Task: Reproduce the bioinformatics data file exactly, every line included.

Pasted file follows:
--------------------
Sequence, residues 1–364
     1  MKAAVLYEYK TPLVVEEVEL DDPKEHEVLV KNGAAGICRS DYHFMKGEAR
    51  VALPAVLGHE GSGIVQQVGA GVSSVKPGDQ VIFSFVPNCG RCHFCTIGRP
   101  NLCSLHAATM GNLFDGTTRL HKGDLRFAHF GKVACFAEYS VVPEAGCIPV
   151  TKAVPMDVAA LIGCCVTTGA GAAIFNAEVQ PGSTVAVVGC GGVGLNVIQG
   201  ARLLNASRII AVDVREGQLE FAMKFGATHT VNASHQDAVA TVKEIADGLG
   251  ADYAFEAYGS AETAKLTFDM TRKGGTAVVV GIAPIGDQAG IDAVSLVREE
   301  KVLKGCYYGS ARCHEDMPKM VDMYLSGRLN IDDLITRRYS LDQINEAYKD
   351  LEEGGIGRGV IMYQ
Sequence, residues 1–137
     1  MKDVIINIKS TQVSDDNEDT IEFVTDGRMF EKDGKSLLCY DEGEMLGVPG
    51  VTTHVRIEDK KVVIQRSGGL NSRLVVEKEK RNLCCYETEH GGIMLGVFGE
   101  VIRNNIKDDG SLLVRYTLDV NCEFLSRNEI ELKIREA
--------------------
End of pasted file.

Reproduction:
Sequence, residues 1–364
     1  MKAAVLYEYK TPLVVEEVEL DDPKEHEVLV KNGAAGICRS DYHFMKGEAR
    51  VALPAVLGHE GSGIVQQVGA GVSSVKPGDQ VIFSFVPNCG RCHFCTIGRP
   101  NLCSLHAATM GNLFDGTTRL HKGDLRFAHF GKVACFAEYS VVPEAGCIPV
   151  TKAVPMDVAA LIGCCVTTGA GAAIFNAEVQ PGSTVAVVGC GGVGLNVIQG
   201  ARLLNASRII AVDVREGQLE FAMKFGATHT VNASHQDAVA TVKEIADGLG
   251  ADYAFEAYGS AETAKLTFDM TRKGGTAVVV GIAPIGDQAG IDAVSLVREE
   301  KVLKGCYYGS ARCHEDMPKM VDMYLSGRLN IDDLITRRYS LDQINEAYKD
   351  LEEGGIGRGV IMYQ
Sequence, residues 1–137
     1  MKDVIINIKS TQVSDDNEDT IEFVTDGRMF EKDGKSLLCY DEGEMLGVPG
    51  VTTHVRIEDK KVVIQRSGGL NSRLVVEKEK RNLCCYETEH GGIMLGVFGE
   101  VIRNNIKDDG SLLVRYTLDV NCEFLSRNEI ELKIREA